Jayco Swift: Review

By: Michael Browning, Photography by: Nathan Jacobs

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Free camp with ease in the Jayco Swift outback, now with JTECH independent suspension.

As Aussie buyers weigh up the pros and cons of new or used campers in their search for the perfect one for them, the Swift Outback (OB) from Jayco would have to be on the list for many.

For a retail price of just $21,993, you get a camper with family sleeping facilities, internal cooking facilities, a sink, a fridge, reasonable storage and good stone protection.


What makes the Swift OB such a great camper is that it has such a small footprint compared with many softfloor and even rear- and forward-folding campers.

As long as you can find a piece of fairly level ground just over 4m long, you can set the Swift OB up for the night – or longer – in around five minutes with a little practice. This makes it a great traveller, as overnight stops can be quick and much easier than with a much more space-dependent fold-out camper.

And with the Swift OB you’re also off the ground, so mud, rain and creatures with four or more legs aren’t a problem.

Erecting and packing up remains the breeze it was all those years ago on the first Jayco camper trailers, albeit with a few refinements.


Unclip the fibreglass lid, insert the winder crank in the slot in the nearside rear and wind. When the retaining cord goes taut – not before, or you may snag the windows or canvas – pull out both beds and support them with their simple but effective hollow steel stays. Your heads or shoulder under the bed may be required here!

Then step inside and use the old style ‘hockey-sticks’ to push out the hoop that supports the canvas over the beds. If it’s cold, or the camper has been stored for a while, you may need a little help, or a push in the back, to stretch the canvas sufficiently; if it’s hot, you should be fine.

Velcro the tent canvas under the bed ends, then drop the upper half of the door from its roof mount; secure it to the hinged door base with a couple of over-centre clamps and Velcro the tent sides to the door frame and you’re done!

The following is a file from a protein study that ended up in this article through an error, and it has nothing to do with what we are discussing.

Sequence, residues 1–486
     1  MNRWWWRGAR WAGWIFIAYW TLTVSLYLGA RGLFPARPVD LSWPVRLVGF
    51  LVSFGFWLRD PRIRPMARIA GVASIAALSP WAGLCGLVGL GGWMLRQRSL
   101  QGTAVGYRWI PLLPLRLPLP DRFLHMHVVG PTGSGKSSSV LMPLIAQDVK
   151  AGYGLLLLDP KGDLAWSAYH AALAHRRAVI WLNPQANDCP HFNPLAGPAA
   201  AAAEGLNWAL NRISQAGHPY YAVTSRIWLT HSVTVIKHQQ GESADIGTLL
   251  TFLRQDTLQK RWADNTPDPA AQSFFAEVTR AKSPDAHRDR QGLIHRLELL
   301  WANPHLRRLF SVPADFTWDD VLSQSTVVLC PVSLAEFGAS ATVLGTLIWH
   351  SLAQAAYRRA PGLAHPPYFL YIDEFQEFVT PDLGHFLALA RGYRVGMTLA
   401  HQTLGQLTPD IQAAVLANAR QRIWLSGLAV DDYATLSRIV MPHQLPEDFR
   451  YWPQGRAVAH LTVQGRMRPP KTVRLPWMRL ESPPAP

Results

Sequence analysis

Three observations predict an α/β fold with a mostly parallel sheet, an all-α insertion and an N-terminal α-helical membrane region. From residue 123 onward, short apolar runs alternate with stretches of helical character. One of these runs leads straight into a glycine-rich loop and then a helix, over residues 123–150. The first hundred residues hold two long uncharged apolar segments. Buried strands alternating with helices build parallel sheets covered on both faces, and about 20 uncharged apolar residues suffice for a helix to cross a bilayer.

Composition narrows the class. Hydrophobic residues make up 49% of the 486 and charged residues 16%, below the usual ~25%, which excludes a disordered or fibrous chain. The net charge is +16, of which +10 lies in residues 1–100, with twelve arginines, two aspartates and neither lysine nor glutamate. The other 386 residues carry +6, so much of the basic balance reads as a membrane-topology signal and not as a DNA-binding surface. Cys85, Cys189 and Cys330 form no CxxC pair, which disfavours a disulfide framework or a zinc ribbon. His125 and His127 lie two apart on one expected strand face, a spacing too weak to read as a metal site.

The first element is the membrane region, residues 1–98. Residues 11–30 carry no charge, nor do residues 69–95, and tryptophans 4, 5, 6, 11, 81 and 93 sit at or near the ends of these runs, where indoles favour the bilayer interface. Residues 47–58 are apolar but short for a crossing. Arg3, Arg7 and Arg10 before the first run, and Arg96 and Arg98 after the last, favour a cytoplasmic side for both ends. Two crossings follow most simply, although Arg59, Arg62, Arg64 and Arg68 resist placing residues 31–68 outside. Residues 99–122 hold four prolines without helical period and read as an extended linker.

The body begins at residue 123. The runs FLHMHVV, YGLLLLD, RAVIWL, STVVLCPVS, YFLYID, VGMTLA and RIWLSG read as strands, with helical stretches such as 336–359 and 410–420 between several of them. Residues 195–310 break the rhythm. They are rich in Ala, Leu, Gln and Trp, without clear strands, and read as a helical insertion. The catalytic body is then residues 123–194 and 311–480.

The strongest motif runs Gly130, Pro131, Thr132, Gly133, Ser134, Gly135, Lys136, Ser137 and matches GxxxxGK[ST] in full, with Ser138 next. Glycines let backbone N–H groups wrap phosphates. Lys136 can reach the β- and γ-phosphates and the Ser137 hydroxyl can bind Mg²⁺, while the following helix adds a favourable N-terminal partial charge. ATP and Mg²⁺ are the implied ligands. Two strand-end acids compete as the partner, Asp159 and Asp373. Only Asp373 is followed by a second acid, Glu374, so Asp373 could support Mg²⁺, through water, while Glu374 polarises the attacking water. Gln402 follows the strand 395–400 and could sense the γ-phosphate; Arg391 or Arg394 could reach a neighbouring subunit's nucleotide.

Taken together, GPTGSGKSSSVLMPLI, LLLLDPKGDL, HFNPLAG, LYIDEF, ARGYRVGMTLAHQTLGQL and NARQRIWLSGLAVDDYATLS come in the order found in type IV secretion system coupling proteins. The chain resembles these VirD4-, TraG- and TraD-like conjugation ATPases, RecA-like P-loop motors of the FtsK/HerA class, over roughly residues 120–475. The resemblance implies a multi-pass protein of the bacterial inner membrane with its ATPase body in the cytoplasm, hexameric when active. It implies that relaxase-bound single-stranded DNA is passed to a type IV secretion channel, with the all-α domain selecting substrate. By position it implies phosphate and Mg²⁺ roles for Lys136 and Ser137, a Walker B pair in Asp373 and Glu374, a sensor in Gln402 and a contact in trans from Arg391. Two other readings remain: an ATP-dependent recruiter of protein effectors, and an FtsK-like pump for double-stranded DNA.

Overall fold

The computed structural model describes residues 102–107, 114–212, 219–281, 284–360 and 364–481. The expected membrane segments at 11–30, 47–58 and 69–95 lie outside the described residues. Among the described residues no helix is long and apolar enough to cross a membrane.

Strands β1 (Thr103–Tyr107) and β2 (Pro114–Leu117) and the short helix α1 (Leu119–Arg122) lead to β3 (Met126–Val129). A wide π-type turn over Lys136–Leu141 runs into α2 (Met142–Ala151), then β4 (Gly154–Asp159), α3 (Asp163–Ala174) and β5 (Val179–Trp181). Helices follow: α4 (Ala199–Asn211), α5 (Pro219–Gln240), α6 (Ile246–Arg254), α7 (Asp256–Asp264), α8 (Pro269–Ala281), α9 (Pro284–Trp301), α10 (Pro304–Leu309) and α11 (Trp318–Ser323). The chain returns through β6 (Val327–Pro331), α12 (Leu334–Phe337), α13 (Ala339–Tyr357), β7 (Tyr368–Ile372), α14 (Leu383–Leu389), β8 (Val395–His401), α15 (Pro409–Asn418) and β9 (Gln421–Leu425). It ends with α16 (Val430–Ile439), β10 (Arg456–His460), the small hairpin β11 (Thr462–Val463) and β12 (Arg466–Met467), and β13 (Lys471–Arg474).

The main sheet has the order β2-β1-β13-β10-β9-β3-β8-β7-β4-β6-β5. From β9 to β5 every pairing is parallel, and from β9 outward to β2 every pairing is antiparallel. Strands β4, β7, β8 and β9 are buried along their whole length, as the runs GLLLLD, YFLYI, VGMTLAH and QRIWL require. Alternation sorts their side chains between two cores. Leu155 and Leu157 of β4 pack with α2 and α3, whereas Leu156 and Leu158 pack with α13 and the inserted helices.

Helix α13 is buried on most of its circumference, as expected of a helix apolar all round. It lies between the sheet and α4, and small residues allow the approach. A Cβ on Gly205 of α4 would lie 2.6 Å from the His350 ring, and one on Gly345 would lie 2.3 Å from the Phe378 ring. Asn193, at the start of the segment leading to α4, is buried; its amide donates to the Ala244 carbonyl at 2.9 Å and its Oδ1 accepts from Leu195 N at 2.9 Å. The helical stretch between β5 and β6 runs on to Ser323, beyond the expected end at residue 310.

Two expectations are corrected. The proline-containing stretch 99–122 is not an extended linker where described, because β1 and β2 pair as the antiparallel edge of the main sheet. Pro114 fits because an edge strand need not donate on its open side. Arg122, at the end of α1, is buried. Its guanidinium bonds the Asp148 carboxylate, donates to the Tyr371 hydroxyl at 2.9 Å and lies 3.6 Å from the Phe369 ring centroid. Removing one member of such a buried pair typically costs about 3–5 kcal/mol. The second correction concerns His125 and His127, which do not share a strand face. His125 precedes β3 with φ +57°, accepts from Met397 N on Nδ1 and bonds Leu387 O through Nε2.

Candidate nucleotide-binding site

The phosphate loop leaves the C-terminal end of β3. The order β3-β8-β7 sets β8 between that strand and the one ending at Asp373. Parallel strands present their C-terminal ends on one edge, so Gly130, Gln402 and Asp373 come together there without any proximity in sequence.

Outside, a rear hatch on the door side can be used to store hoses and the like which is handy, as you can’t option an external boot on the Swift.

The Swift OB doesn’t have a hot water system or outside shower option like Jayco’s larger camper trailers, but there are many proprietary systems on the market that can do the job. The standard 75L water tank allows for it, but if you are planning longer stays away from plumbed water sources, you’ll need a pump to draw it from a creek or else carry extra in jerry cans or plastic containers, as there’s no room for an additional water tank under the Swift OB floor.

Ditto for a rollout awning, but it does have an in-built annexe track for the bag awning that’s available as an option if you’d like more comfort and protection for longer stays at camp.


This charm of the compact Swift OB is its ability to slip into places that few others dare. So is it capable in the outback? Based on my experience, I say yes, but you need to approach it with the right mindset.

If you enjoy your comforts, you’ll need to rely upon your 4WD for extra storage and employ other means to heat your shower. And if it was my Swift OB, I’d option up the 16in wheels and the 120W roof-mounted solar panel to really see this camper shine.



  • Great budget camper
  • Easy to set up
  • Surprising outback access
  • Family capable
  • It’s a Jayco!


  • No hot water option
  • Vulnerable step
  • Limited water storage


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Check out the full feature in issue #100 May 2016 of Camper Trailer Australia magazine. Subscribe today for all the latest camper trailer news, reviews and travel inspiration.